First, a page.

But that is not how picture books are created. I write a manuscript. Then I hold my breath and cross my fingers and if I am very lucky an editor at a publishing house will like it enough to buy it. Then we do some further editing and polishing, and the editor begins to search for an illustrator. I just have to trust that the editor has the experience and contacts and knowledge to find someone who will be able to match my words with illustrations.
When Roaring Brook editor Kate Jacobs sent me a link to Eliza Wheeler's website , I was impressed by the whimsical nature of what I saw, the beautiful palettes, the sense of movement. I am not an art expert and I had not heard of Eliza before, but I liked what I saw and I trusted Kate. (Eliza just won a prestigious Sendak fellowship award. As it turns out, she is a very big deal.)
Eliza sent Kate preliminary sketches for the book. Kate then shared them with me, and I was supposed to tell Kate any suggestions I had. The editor thus stands as a buffer in between the egos of the artist and the writer, a very sensible system. I remember that Kate and I had a discussion about whether Tolkien's aunt, who burned his mother's letters in the fireplace, was too witchlike. I liked that Eliza had made her appear rather like the witch in Hansel and Gretel. I thought Tolkien would appreciate that his own story had become mixed up with what he calls the soup of story in "On Fairy-Stories. "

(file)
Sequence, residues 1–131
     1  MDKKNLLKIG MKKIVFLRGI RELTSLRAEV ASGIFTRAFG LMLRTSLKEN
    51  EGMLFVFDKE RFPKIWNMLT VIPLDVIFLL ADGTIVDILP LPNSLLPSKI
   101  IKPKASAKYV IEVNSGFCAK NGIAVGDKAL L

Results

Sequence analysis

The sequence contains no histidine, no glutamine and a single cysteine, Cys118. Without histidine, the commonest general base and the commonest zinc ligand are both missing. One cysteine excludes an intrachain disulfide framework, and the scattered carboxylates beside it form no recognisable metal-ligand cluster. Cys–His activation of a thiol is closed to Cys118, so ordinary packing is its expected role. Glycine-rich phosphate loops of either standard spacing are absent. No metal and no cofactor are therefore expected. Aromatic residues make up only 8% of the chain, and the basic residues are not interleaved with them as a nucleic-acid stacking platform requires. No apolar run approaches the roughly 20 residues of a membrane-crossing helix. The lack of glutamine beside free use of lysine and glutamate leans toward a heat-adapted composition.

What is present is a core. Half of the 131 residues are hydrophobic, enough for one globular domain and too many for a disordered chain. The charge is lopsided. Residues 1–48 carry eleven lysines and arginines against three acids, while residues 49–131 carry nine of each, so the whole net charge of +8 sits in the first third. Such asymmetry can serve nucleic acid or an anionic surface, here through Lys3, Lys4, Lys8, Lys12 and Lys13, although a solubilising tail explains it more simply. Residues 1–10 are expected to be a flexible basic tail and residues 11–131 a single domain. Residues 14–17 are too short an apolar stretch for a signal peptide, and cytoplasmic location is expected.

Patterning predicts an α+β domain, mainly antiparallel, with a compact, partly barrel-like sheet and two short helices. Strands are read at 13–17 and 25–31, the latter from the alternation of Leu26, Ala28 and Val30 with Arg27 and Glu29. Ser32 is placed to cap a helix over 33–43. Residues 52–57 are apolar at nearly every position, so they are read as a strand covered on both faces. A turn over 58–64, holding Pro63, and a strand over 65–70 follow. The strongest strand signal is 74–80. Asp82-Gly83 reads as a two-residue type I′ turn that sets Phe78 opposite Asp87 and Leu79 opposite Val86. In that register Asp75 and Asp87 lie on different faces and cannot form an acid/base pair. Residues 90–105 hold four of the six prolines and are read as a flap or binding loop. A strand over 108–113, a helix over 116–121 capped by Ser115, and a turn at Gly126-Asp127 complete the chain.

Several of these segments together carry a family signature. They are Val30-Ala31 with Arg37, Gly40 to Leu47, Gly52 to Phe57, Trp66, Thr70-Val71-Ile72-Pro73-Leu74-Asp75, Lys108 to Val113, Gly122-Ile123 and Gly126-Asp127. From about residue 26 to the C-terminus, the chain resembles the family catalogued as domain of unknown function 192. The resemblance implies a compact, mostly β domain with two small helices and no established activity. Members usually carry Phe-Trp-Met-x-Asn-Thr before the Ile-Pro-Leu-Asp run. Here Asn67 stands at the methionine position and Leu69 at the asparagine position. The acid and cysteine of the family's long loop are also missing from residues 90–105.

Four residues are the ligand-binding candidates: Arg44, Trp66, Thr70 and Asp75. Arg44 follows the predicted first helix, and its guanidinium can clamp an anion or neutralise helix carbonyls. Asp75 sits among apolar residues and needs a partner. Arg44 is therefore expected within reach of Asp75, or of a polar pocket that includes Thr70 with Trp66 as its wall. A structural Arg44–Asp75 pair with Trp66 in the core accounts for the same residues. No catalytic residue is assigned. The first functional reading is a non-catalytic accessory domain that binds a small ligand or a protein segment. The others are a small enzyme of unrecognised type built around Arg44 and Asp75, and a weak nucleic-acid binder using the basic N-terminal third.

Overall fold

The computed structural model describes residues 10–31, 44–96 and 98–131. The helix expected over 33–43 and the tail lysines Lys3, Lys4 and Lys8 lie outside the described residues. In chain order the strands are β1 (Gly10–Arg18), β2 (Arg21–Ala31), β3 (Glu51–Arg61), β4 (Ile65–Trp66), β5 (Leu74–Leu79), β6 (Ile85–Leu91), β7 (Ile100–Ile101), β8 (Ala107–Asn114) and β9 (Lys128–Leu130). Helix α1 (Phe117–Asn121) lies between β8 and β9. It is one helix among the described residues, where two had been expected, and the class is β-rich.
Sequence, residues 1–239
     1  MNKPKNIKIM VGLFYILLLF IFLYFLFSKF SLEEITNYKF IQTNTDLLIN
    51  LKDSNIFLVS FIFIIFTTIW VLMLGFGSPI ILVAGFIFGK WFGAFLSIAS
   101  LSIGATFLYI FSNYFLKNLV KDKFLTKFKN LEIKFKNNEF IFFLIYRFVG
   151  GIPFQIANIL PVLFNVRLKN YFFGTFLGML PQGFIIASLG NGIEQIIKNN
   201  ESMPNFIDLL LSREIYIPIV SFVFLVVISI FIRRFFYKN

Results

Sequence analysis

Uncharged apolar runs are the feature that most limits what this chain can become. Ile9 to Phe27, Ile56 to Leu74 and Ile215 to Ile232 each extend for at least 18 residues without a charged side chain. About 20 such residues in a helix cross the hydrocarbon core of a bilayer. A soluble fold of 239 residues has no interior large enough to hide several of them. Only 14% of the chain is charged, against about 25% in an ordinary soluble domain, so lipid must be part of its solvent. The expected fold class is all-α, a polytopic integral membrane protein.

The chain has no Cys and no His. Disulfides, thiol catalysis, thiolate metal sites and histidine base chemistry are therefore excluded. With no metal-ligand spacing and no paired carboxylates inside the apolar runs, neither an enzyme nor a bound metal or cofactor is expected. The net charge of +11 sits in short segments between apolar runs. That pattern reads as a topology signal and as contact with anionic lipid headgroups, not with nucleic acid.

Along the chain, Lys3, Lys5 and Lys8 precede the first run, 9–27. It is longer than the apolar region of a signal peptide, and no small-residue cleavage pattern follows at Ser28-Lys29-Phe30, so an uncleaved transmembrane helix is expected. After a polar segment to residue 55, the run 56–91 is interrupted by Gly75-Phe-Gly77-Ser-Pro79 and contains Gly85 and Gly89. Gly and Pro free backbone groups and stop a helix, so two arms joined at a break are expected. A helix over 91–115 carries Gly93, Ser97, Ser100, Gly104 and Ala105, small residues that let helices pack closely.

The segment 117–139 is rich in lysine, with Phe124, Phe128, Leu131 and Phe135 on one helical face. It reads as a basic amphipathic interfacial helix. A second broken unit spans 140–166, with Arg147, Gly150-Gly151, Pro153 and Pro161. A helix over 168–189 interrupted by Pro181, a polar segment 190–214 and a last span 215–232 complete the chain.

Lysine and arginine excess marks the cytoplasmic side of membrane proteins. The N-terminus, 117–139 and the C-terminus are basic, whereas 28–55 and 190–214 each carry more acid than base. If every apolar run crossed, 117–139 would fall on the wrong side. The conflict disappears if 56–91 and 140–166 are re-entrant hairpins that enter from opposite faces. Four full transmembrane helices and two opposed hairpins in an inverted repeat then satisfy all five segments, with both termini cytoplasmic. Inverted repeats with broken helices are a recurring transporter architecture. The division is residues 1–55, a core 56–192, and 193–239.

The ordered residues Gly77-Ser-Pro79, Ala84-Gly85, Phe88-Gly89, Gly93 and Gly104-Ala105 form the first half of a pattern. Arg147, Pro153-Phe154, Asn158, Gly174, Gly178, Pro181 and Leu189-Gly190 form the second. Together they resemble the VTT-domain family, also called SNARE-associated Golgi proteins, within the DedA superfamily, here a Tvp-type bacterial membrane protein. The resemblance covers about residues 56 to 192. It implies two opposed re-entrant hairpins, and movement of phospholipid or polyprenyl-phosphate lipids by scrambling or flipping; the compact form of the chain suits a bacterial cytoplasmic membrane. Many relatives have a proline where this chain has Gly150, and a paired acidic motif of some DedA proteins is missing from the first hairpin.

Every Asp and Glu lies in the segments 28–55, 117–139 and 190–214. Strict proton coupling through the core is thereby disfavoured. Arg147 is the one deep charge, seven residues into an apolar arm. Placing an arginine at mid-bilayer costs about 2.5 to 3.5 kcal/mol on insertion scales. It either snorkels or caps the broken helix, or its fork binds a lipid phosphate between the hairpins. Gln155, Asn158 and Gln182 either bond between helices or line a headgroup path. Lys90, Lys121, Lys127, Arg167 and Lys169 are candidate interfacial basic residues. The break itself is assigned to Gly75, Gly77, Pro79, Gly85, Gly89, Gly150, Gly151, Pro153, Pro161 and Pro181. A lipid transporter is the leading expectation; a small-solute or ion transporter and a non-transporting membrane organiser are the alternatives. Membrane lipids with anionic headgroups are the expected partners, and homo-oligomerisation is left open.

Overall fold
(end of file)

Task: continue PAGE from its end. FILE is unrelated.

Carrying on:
I am still a fairly new and inexperienced writer and this is my first non-fiction picture book. What I did not know was how much research Eliza would do. She travelled to Oxford and Birmingham visiting and taking pictures of the school Tolkien attended, the Oratorio where he was an altar boy, and the colleges where he worked. Eliza also read through the biographies and letters of Tolkien. She included red poppies in the world War One scene because Tolkien mentioned the poppies in his correspondence. I was especially happy with her illustration of the trenches because his war experiences were very important in shaping his imagination.
All of Eliza's research means that the illustrations have incredible depth; they are not just flat representations of what is in the text. They have a life, a vibrancy of their own. They are also historically accurate. They reflect her imagination and research as well as my imagination and research, and the result is, I think, fabulous. Buy the book and let me know what you think. It will be on the bookshelves March 21. You can also pre-order on Amazon.